“The most meaningful information that I took from this event was presented by Dr. Jane Harstad. Dr Jane spoke about the Indian education in Minnesota and this is a topic that I had not heard about as in detail as she explained it. Knowing that she is not only talking to the department of education but also listening to tribes I thought was something very important.”
“I enjoyed all the speakers; each enlightened my knowledge of American Indians place in society. I particularly enjoyed the singing. In the moment, I could feel a sense of oneness, calm. The moment was inspiriting; a desire to want to know more. I enjoyed Micah Nickey and his stance on wellness. I would welcome an opportunity to hear more from him.”
“The Red Talk started with a short clip of an American Indian man who is a member of the American Indian Movement (AIM). Through this small clip I learned about the pride that the man felt to belong to the American Indian Movement. The clip demonstrated the feel that many American Indians experience till this day. I immediately caught on to the preference in what American Indians like to be called. Through my early years in school I was taught to call this population; “Native Americans”. However, during this Red Talk presentation all the speakers referred to themselves and the population as American Indians. This is important, because no one better to show us what to call a group or population than that specific group.”
“Most if not all the speakers shared a same similar worldview when it comes to education. Education is a bit contradicting to their “indigenous worldview” as Professor Nick described. The type of knowledge that Indigenous people carry is much different and can be said to be more “old” than white American knowledge.”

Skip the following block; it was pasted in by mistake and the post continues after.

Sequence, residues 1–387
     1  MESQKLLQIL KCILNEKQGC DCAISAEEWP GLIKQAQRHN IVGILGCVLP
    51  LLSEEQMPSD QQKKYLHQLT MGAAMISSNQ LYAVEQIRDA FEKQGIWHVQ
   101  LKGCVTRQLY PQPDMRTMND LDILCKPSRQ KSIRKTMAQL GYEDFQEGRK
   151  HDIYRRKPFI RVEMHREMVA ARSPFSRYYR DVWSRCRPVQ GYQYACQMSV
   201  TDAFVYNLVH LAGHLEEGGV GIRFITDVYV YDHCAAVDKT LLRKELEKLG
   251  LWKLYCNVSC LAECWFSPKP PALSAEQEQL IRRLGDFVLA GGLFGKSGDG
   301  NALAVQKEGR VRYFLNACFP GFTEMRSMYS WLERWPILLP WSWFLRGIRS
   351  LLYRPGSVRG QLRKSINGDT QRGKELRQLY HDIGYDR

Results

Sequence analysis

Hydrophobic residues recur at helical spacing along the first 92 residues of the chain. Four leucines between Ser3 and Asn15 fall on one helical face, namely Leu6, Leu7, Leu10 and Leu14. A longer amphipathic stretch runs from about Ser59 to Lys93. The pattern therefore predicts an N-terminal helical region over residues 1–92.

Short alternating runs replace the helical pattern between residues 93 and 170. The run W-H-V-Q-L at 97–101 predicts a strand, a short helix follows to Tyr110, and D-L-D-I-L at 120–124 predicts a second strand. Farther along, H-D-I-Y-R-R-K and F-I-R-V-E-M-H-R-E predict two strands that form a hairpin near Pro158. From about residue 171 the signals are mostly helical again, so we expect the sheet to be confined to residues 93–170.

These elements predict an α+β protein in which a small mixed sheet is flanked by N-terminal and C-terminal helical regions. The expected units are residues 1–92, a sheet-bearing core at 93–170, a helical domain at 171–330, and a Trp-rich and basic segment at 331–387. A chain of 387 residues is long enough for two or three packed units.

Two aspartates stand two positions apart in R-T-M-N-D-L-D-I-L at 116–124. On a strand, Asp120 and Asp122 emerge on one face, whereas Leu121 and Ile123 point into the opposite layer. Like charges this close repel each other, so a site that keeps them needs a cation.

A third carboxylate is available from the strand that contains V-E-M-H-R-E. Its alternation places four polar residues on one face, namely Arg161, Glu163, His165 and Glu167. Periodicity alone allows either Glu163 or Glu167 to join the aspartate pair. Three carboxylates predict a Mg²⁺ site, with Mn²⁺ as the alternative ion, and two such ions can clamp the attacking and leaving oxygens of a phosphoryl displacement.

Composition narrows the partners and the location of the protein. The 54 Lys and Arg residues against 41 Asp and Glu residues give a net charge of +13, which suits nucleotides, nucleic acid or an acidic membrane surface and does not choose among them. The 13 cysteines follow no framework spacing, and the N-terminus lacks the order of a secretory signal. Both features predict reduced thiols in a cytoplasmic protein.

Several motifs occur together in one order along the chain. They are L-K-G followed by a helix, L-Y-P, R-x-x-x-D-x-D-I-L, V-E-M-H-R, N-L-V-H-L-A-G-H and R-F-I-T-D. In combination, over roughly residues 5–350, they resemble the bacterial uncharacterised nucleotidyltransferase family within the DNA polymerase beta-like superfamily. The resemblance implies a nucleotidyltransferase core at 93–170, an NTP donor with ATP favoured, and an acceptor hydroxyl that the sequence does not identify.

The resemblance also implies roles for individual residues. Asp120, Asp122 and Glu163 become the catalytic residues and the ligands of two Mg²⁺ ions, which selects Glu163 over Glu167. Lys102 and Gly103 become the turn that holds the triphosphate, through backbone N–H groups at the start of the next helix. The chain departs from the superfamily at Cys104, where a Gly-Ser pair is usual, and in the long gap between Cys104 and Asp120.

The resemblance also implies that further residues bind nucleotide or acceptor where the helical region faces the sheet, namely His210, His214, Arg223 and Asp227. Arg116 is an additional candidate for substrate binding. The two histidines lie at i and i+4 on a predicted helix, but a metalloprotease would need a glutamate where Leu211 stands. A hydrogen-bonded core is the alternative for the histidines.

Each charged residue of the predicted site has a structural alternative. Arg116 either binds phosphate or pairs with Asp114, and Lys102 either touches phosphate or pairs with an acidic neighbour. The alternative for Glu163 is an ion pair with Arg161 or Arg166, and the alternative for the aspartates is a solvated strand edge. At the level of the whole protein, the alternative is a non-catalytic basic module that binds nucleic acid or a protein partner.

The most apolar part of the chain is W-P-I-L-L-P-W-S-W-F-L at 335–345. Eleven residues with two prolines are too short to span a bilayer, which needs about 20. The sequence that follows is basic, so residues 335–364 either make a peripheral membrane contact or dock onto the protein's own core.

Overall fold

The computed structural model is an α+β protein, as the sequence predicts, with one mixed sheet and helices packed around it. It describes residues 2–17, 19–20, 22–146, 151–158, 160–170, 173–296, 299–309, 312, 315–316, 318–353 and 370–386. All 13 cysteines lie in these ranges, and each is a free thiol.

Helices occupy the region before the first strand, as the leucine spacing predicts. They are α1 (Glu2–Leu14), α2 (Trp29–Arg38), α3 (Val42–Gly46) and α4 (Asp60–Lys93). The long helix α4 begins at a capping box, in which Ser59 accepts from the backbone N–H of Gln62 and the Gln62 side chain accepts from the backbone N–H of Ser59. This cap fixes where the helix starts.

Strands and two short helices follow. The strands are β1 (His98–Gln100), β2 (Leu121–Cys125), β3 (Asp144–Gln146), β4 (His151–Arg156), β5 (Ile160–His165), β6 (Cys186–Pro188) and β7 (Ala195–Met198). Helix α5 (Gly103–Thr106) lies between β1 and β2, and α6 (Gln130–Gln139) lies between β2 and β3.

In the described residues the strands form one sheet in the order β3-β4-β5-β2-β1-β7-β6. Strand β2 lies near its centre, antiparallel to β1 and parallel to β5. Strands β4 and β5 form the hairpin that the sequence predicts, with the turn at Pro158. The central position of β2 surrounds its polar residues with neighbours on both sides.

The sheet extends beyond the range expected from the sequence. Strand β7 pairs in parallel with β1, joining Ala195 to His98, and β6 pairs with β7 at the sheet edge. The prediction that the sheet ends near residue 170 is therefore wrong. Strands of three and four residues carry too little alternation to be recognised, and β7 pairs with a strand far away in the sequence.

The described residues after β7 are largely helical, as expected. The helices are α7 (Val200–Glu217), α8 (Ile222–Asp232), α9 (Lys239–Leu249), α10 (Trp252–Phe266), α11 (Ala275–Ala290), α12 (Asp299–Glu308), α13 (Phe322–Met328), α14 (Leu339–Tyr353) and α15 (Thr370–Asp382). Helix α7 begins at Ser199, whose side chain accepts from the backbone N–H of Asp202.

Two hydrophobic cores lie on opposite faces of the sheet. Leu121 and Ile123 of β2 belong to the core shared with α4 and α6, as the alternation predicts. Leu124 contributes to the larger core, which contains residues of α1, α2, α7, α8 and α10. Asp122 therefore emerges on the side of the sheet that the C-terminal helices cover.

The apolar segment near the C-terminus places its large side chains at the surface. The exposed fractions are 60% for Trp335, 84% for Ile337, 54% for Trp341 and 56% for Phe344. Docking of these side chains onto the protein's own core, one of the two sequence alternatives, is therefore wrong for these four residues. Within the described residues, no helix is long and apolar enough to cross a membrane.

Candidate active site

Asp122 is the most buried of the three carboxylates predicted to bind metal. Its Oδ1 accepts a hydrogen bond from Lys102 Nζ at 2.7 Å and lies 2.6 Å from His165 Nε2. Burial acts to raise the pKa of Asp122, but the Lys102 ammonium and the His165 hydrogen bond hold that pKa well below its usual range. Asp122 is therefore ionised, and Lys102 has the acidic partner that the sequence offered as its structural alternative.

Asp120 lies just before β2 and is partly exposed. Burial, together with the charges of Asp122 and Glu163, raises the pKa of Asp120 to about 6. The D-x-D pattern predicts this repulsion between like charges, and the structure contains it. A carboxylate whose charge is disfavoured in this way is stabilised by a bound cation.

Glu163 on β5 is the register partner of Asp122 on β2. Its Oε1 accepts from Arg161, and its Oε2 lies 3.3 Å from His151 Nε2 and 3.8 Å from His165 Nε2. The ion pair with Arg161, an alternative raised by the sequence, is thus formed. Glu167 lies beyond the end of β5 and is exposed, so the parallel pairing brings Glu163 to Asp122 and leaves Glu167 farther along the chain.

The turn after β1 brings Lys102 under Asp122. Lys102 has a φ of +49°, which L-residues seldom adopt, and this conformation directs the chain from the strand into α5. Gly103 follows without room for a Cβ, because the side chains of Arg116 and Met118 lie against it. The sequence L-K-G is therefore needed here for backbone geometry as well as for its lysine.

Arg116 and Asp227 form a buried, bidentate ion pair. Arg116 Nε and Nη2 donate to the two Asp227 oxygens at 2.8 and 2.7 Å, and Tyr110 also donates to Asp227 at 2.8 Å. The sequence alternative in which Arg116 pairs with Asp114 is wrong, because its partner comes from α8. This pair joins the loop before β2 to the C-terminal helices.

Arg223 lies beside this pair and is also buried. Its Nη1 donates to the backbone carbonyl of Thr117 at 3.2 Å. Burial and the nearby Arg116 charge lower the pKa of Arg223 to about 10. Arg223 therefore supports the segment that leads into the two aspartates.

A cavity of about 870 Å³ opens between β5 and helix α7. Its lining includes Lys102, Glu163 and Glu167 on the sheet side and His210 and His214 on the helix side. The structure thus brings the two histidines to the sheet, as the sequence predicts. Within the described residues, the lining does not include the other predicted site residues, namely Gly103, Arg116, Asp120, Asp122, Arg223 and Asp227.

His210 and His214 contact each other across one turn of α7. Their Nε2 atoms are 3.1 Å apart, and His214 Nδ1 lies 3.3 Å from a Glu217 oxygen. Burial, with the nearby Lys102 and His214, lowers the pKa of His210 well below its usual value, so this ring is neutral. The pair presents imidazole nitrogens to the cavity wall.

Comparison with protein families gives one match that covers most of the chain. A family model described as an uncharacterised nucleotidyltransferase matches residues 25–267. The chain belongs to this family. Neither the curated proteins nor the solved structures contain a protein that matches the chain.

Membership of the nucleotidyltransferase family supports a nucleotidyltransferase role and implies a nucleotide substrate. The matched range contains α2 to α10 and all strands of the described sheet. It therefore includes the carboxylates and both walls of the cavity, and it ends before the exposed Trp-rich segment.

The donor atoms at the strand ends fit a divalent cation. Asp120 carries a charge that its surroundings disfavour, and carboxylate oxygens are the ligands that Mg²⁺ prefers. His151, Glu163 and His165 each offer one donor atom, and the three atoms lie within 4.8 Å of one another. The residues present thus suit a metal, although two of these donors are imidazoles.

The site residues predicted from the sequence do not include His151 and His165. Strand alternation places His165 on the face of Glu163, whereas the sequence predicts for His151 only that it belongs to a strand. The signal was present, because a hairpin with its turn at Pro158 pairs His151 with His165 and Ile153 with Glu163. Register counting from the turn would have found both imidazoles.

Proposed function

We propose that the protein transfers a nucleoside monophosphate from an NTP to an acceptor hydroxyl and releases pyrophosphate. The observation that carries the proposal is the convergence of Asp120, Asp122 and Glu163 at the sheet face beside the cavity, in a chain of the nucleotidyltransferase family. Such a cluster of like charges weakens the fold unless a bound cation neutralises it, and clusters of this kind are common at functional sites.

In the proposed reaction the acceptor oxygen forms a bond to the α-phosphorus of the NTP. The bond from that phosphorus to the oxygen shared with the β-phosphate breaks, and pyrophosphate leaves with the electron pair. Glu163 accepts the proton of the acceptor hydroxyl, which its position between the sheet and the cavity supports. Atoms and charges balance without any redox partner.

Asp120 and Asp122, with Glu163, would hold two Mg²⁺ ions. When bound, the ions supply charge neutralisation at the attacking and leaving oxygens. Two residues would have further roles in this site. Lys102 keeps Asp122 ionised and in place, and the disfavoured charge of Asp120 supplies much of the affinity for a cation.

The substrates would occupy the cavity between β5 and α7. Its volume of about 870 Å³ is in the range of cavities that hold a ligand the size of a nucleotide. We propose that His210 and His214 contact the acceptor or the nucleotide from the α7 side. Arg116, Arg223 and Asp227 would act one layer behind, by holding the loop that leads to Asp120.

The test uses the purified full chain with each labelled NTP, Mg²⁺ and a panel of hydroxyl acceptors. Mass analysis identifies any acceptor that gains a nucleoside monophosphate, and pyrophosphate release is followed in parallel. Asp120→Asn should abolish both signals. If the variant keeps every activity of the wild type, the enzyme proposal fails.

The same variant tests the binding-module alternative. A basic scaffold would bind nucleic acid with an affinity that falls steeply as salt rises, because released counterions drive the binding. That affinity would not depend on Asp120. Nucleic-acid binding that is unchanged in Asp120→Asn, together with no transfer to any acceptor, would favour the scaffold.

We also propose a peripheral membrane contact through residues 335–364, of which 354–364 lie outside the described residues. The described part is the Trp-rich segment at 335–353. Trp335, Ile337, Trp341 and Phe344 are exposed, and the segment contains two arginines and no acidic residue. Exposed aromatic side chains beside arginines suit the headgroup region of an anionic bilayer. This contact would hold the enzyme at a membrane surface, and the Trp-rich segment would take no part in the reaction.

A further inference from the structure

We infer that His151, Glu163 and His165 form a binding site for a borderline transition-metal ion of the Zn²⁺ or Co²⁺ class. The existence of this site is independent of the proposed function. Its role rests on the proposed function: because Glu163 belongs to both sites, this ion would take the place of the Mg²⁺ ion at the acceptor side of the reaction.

“My two favorite speakers were Bella and Micah, I went home that day reflecting on my own traumas and how I will continually work to heal those before assisting others to heal. Both speakers made me reflect on my self-awareness of my own culture as well as valuing and respecting what we learn from others. Everything that was shared in the Red Talk is useful information and a great reminder to continually work on gaining more cultural competence. I believe it would be great to have more trainers like Micah Nickey that could possibly expand in other cultures that professionals need more learning on.”
Videotaping, CD Creation, and Distribution
Both the January Buffalo Show and the RedTalk Symposium were fully videotaped by Lucas Reynolds (Fond du Lac) and are now available on the Oyate Hotanin YouTube channel. In addition, the entire Buffalo show was broadcast live on Facebook.
In addition, we are producing and in the process of distributing a CD from the 2018 recording “Live at the Buffalo Show.” Twelve tracks from the show have been mastered, a contract has been signed for the production of the CD, and distribution of the CD is set to begin July 2020.
The CD features lead artist Strong Buffalo (Dakota, St. Paul), poet and storyteller, as well as:
• Spoken word with top local and statewide talent including Corey Medina (Dine, Bemidji);
• Joe Savage, Fond du Lac, steel guitar;
• Dakota Blue (Dakota, Minneapolis), flute, guitar and harmonica;
• Myron Thorne (Leech Lake), guitar;
• David Huckfelt, vocals and guitar;
• Ben Weaver, vocals, guitar and banjo;
• and others.
Proceeds from the sale of the CD will fund future Oyate Hotanin projects highlighting American Indian thought, music, and talent.